Film Review: Drawing Home

Markus Rupprecht’s lackluster biopic is earnest and well-intentioned, albeit often at the expense of more dramatic needs.
Specialty Releases

Markus Rupprecht’s biopic about landscape painters Peter (Juan Riedinger) and Catharine Robb Whyte (Julie Lynn Mortensen) begins with an obligatory prologue establishing Catherine’s early and abiding love of landscape drawing. And it ends with the requisite postscript update that accompanies photos of the actual couple. In between, the film plays like a curiously monotonous greatest-hits compilation, ticking off major events in the lives of both artists with all the gravitas of a Hallmark Channel movie. The real culprit here is Rupprecht and Donna Logan’s paint-by-numbers script, which prefers to telegraph emotion via voiceover narration, rather than through anything as mundane as dramatic reenactment.

There’s something fundamentally intriguing in the notion that Catherine’s tony Bostonian background, with an indulgent father (Peter Strauss) and a disapproving mother (Kate Mulgrew), is the exact mirror opposite of Peter’s humble home life in Canada. But Drawing Home fails to develop this theme of parental role reversal in any meaningful way. Then again, Peter’s family gets scant screen time compared to the more glamorous Robbs, apart from the matter of his ritual adoption by the local Stoney First Nation tribe. Even this detail, meant to convey the Whyte clan’s spiritual connection to the rugged landscape, does little more than provide some questionable comic relief when Mrs. Robb comes to confront Catharine about her life with Peter in Banff.

Drawing Home’s pervasive aura of listlessness isn’t helped by the fact that the most potentially dramatic incidents, like Catherine ending her relationship with heir John D. Rockefeller III (Jeff Gladstone), take place entirely off-screen. What’s more, the voiceover narration is often accompanied by unhelpfully on-the-nose imagery: Catherine gushes about Peter being by her side (in a life partner sort of way) while the film shows them walking along together—in exaggerated slow motion to boot. Nor does the script convincingly convey its artistic bona fides, which lean toward platitudinous pronouncements like this nugget from a Fine Arts class lecture: “Art isn’t about following rules and regulations, it’s about inventing them.”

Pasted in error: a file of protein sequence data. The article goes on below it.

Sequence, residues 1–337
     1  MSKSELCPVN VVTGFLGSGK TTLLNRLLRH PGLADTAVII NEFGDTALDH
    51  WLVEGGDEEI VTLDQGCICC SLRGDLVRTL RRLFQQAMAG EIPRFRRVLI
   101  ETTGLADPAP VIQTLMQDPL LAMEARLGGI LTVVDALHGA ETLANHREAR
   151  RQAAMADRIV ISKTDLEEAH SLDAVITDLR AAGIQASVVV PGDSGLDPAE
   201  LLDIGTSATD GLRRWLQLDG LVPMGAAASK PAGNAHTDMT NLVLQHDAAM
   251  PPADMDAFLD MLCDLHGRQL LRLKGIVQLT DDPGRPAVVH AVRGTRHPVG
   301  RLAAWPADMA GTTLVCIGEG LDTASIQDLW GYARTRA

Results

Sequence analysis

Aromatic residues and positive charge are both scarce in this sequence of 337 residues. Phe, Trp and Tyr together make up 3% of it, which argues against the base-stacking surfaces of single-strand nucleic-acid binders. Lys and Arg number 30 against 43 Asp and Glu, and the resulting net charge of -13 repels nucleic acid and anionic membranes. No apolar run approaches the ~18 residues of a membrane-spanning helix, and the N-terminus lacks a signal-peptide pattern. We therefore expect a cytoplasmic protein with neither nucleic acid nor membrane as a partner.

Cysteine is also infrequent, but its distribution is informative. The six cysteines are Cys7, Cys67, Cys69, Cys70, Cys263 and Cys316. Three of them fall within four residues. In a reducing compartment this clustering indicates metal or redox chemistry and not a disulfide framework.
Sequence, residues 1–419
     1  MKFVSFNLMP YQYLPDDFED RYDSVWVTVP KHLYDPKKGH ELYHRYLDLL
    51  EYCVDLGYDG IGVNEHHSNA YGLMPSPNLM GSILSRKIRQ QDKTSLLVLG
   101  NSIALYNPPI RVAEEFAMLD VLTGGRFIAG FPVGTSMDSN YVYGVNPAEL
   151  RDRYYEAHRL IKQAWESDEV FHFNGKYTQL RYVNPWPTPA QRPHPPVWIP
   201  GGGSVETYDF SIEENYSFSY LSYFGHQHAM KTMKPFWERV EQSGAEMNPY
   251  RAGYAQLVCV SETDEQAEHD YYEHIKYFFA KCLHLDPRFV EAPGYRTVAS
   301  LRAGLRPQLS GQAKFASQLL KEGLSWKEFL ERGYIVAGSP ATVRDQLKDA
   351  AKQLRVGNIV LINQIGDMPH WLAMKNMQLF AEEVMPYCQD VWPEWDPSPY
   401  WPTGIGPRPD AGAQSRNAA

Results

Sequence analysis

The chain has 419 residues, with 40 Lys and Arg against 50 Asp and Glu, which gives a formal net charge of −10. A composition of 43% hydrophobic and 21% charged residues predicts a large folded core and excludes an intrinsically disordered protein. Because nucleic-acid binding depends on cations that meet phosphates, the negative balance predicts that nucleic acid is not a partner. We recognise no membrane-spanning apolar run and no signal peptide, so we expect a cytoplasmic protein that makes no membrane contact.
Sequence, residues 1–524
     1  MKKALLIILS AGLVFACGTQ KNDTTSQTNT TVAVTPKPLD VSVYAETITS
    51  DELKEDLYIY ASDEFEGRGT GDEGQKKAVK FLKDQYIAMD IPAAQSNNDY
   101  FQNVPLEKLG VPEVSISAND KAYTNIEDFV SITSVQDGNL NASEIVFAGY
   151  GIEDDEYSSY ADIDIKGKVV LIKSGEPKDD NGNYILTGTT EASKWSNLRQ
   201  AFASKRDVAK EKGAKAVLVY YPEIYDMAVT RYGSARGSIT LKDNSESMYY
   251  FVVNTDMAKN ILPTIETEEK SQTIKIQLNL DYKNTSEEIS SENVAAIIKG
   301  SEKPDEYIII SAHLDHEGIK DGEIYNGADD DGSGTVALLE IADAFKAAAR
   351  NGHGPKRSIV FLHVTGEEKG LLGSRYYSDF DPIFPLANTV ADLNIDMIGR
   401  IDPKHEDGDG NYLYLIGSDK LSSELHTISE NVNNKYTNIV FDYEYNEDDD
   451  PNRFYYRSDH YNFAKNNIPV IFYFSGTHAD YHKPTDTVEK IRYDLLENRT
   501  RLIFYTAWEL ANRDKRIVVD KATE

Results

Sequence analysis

While it’s always great to see veteran actors like Mulgrew and Strauss turn up in specialty releases like this one, Rupprecht and Logan’s script admittedly doesn’t give them a whole lot to work with. Strauss, in particular, beams benevolently at his daughter in a few scenes, then suffers a fatal heart attack off-screen. The big-name supporting cast are there for little more than cameos: Rutger Hauer is encouragement personified as Peter’s mentor Carl Rungius, while Wallace Shawn’s attenuated walk-on as an art collector visiting Rungius’ rural “Paint Box” studio does nothing more than provide Peter with his first sale.

You can tick the boxes of the tired biopic tropes Drawing Home unabashedly indulges: There’s the tastefully chaste sex scene by the fireside. There’s the audio montage of “artistic statements” culled from earlier in the film that’s meant to provide encouragement for Peter when he’s informed he has cataracts. There’s even a flashback near the end of the film, just after Peter passes away (another incident the film elides entirely), showing a young Peter quite literally “drawing home”—and then admitting as much out loud, as though this dialogic reinforcement were necessary.

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